SAN FRANCISCO—Lynn Ponton, psychiatrist and UC San Francisco professor of over 25 years, was filled with hope seeing Shen Yun Performing Arts at the War Memorial Opera House in San Francisco, Jan. 12.
“I enjoyed it very much; I learned a lot from it,” Ms. Ponton said after seeing the performance with her friend Stella Lefevre, a psychologist. Ms. Ponton has had extensive media appearances and is well published in a variety of forms including Newsweek.
Ms. Ponton has visited many areas in China and seen dances performed, but had thought a sense of any spirit was lacking. To her delight, she found the answer in New York-based Shen Yun.
In the classical Chinese dance performed by Shen Yun, Ms. Ponton said she saw spirit come through even in the movements.
“In the movements … in the dance itself maybe the wholeness of the dance, how it’s held together, how the dancers seemed together as a group,” Ms. Ponton said. “Those would be ways I think about it.”
China was once called the land of the divine, but under years of communist rule the traditional culture was almost once lost. Through the performing arts, Shen Yun revives 5,000 years of Chinese civilization, which is said to be inspired by the heavens.
Watching Shen Yun’s performance, Ms. Ponton said she felt hopeful about many things.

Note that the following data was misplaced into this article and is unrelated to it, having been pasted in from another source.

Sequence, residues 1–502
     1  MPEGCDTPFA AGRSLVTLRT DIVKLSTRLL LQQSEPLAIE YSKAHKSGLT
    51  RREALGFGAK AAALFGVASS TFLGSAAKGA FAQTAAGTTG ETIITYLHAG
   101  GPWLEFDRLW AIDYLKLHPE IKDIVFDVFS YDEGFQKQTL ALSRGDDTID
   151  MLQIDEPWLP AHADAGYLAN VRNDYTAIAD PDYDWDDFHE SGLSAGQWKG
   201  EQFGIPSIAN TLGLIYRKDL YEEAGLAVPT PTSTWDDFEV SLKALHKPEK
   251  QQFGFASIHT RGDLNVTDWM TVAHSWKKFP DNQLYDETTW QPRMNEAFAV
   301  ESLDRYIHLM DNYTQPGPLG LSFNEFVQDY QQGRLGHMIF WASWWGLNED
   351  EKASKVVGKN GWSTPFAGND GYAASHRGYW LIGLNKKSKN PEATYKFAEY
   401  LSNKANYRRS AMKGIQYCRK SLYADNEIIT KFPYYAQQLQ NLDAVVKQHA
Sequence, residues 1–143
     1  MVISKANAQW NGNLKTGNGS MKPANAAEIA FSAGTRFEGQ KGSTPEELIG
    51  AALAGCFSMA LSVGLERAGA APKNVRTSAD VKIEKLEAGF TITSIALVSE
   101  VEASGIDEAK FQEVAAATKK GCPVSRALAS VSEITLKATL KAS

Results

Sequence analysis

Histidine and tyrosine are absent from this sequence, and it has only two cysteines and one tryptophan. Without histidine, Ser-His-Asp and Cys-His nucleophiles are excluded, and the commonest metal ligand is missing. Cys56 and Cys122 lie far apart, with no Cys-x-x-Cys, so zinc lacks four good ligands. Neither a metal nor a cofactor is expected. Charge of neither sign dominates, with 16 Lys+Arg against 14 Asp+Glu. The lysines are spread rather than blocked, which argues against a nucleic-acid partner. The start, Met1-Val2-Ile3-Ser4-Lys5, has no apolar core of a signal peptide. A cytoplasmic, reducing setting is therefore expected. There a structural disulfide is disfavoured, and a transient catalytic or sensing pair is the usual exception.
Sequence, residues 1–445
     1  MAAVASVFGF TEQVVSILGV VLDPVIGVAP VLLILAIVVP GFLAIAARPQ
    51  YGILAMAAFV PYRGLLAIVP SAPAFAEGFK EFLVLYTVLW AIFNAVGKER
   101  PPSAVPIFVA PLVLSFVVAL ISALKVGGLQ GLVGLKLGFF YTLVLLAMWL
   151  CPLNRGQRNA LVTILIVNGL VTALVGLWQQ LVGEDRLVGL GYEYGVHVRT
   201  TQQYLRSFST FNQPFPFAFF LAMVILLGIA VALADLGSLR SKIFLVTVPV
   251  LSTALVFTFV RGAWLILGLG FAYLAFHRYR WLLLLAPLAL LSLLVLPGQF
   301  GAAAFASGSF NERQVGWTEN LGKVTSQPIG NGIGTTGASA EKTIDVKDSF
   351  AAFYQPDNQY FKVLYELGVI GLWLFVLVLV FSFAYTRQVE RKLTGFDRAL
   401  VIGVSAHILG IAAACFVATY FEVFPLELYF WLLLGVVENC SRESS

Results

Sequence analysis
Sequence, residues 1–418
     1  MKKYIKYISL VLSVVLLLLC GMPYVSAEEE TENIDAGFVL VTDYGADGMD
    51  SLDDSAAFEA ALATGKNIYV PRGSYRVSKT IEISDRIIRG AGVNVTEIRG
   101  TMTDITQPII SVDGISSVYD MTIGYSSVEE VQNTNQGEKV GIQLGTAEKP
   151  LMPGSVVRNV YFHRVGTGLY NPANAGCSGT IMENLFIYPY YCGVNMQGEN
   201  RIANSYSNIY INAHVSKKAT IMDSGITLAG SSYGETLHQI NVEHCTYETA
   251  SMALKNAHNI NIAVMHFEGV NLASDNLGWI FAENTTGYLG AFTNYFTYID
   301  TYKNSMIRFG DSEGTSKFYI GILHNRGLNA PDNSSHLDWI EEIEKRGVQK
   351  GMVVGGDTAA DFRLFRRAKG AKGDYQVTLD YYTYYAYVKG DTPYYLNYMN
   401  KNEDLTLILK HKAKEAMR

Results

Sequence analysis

“More hopeful about the world in general, and about spiritual thought being communicated in a variety of ways,” Ms. Ponton said. “That was a great thing. More hopeful about mainland China.”
Traditional Chinese culture is deeply spiritual, and the revelation had been new for Ms. Lefevre.
“There’s a side to Chinese culture I wasn’t … at all aware of before,” Ms. Lefevre. “So [I’m] a little bit more aware of that tradition, and the longevity.”
Being from France, Ms. Lefevre said she was at first skeptical she could connect to dance showing the different dynasties of China, but was fully surprised.
“I seem to connect with the dancers in a way,” Ms. Lefevre said.
Classical Chinese dance has been passed down and refined through thousands of years, soaking up the wisdom and values of every dynasty. The deep traditional values of China allow the form to be richly expressive, as Shen Yun explains on its website, and thus allow the performers to portray scenes from any period or setting. In addition to form and technique, classical Chinese dance emphasizes bearing, or “inner spirit.”
“Bearing emphasizes internal spirit, breath, intent, personal aura, and deep emotional expression,” the website states. “In essence, the spirit leads form, so that form is imbued with spirit.”
“The way the dancers seem to enjoy dancing, seem to enjoy just their performance on stage,” Ms. Lefevre said. “I felt connected to that.”
Reporting by Catherine Yang
New York-based Shen Yun Performing Arts has four touring companies that perform simultaneously around the world. For more information, visit Shen Yun Performing Arts.
The Epoch Times considers Shen Yun Performing Arts the significant cultural event of our time. We have proudly covered audience reactions since Shen Yun’s inception in 2006.